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Lindsay Clancy: Husband forgives wife who ‘killed their children’

Husband forgives wife who 'killed children while battling postpartum psychosis'

Lindsey Clancy, 32, allegedly strangled Cora, five, Dawson, three, and baby Callan, seven months old (Photo: AP/WBZ)

The husband of a woman accused of killing three children before attempting suicide has said he forgives her.

Lindsey Clancy, 32, is believed to have been suffering from severe postpartum depression when she allegedly strangled five-year-old Cora, three-year-old Dawson and seven-month-old baby Callan on Tuesday evening, January 24.

She then jumped from a second-story window of a Massachusetts home but survived a suicide attempt, investigators say.

Patrick Clancy reportedly left home for about 25 minutes to buy food for his family as this all unfolded.

All the children were taken to the hospital, where the two older children died soon after. The child died three days later on Friday.

Clancy, a birth nurse at Massachusetts General Hospital, is being treated at a Boston hospital.

The husband of a midwife accused of suffocating her two young children to death and attempting to kill her seven-month-old baby allegedly went out to get food before an apparent murder attempt and suicide.  Lindsey Clancy's husband, Patrick,

Lindsey Clancy’s husband Patrick reportedly left home for about 25 minutes to buy food for his family as it all unfolded (Photo: Facebook)

She has previously spoken about her struggles with motherhood anxiety on social media and has reportedly been suffering from postpartum psychosis.

Mr Clancy referred to her “condition” in a touching statement after the tragedy, but did not elaborate.

He wrote: “Recently she has been portrayed mostly by people who have never met her and never knew who the real Lindsey was.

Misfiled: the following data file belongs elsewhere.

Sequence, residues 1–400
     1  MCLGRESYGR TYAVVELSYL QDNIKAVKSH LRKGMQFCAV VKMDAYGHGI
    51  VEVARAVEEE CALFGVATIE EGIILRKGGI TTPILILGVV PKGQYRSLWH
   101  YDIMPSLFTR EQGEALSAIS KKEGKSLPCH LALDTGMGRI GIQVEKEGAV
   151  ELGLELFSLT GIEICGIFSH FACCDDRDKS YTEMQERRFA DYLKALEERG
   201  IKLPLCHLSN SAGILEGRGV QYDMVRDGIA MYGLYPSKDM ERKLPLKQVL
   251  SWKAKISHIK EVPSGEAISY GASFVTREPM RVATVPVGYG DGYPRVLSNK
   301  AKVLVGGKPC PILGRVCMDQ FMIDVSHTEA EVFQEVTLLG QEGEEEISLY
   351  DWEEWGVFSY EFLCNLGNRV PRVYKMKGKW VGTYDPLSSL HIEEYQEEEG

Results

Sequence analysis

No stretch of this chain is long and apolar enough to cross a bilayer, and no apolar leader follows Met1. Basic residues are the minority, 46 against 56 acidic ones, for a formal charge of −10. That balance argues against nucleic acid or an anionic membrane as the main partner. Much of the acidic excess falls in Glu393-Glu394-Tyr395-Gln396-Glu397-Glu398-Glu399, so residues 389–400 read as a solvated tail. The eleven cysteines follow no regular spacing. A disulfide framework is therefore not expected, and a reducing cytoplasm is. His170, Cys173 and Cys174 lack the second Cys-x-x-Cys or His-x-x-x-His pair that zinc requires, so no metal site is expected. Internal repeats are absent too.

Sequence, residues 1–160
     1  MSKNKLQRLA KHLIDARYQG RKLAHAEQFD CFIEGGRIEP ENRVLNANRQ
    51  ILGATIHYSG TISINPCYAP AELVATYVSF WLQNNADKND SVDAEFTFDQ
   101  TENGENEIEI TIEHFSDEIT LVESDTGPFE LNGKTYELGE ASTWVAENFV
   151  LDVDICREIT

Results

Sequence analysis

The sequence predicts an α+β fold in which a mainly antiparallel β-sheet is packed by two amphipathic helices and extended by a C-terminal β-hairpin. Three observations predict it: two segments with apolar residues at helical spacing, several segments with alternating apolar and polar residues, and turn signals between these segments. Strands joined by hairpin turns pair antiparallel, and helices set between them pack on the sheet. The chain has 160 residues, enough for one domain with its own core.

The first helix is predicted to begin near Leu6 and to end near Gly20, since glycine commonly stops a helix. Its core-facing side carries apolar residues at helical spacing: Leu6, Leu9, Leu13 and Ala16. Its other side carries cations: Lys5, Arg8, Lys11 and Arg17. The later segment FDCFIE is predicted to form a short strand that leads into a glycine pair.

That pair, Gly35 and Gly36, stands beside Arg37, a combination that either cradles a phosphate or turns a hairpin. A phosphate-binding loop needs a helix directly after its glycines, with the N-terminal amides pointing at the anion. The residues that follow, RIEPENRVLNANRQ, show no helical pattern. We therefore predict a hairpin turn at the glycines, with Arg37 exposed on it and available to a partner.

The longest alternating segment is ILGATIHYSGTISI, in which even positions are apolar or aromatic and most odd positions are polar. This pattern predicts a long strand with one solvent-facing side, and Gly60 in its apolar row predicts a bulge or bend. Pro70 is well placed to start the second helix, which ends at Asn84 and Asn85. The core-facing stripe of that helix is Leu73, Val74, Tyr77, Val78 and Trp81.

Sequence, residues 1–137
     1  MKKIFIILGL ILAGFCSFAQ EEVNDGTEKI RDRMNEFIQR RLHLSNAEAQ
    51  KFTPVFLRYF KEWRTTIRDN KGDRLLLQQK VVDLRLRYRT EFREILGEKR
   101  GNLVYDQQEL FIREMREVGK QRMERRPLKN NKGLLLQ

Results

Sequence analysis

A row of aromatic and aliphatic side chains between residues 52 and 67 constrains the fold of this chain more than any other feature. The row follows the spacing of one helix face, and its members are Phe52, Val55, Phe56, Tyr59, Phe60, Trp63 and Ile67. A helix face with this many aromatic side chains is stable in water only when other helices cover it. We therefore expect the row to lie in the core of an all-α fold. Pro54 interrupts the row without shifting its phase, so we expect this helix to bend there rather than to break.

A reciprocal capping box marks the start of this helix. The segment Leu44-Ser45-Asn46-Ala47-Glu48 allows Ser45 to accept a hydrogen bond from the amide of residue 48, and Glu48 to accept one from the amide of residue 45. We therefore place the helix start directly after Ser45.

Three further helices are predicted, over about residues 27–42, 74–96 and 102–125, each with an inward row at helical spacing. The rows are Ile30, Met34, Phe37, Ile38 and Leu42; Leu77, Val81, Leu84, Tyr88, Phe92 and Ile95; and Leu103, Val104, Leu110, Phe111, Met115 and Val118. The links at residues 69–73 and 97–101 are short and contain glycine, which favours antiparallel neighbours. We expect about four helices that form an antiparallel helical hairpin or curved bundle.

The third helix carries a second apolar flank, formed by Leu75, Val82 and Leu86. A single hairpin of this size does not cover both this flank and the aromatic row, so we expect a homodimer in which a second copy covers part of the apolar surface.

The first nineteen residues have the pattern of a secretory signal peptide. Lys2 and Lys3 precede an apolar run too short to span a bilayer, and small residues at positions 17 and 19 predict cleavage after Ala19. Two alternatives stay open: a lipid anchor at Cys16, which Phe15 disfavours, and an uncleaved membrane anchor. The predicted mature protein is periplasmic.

“Our marriage was wonderful and strengthened diametrically as her condition rapidly deteriorated.

“I was just as proud to be her husband as I was to be a father, and felt like I was constantly lucky to have her in my life.”

Severely depressed midwife's husband left her alone for 25 minutes to collect food - during which time she choked two of her children to death, injured their child and tried to commit suicide

Mr Clancy urged people to forgive his wife (Photo: WBZ)

The grieving father continued: “I want to ask all of you to find the strength to forgive Lindsey, as I did.

“The real Lindsey showed generous love and care to everyone – me, our children, family, friends and her patients.

“The very fibers of her soul are loving. All I wish for her right now is for her to find peace somehow.”

Clancy’s arraignment has yet to be scheduled.

What is postpartum psychosis?

Postpartum psychosis is a serious mental illness that can strike a person shortly after the birth of a child. It affects about 1 in 500 new mothers, according to the NHS.

While many new moms will experience mild mood changes known as “baby blues”, postpartum psychosis should be treated as a medical emergency.

The symptoms listed below usually appear suddenly within the first two weeks after delivery, often within hours or days after delivery.

They may include:

  • hallucinations – hearing, seeing, smelling or touching things that are not there
  • delusions – thoughts or beliefs that are unlikely to be true
  • manic mood – talking and thinking too much or too fast, feeling “high” or “on top of the world”
  • low mood – signs of depression, withdrawal or tearfulness, lack of energy, loss of appetite, restlessness, agitation, or trouble sleeping
  • sometimes a mixture of manic mood and bad mood – or rapidly changing mood
  • loss of inhibitions
  • feelings of suspicion or fear
  • anxiety
  • feel very embarrassed
  • behaves out of character

The NHS website warns that the illness can worsen quickly and jeopardize the safety of mother and baby.

He suggests contacting a GP immediately if you think you or someone you know has developed symptoms of postpartum psychosis. You must request an urgent estimate on the same day.

You can call 111 if you can’t talk to your GP or don’t know what to do next. Your midwife or health visitor can also help you access health care.

Go to the emergency room or call 999 if you think you or someone you know may be in danger of imminent harm.

The NHS website urges you to remember that if you have postpartum psychosis, you may not realize you are sick. Your partner, family or friends may notice the signs and take action.

Click here for more information.

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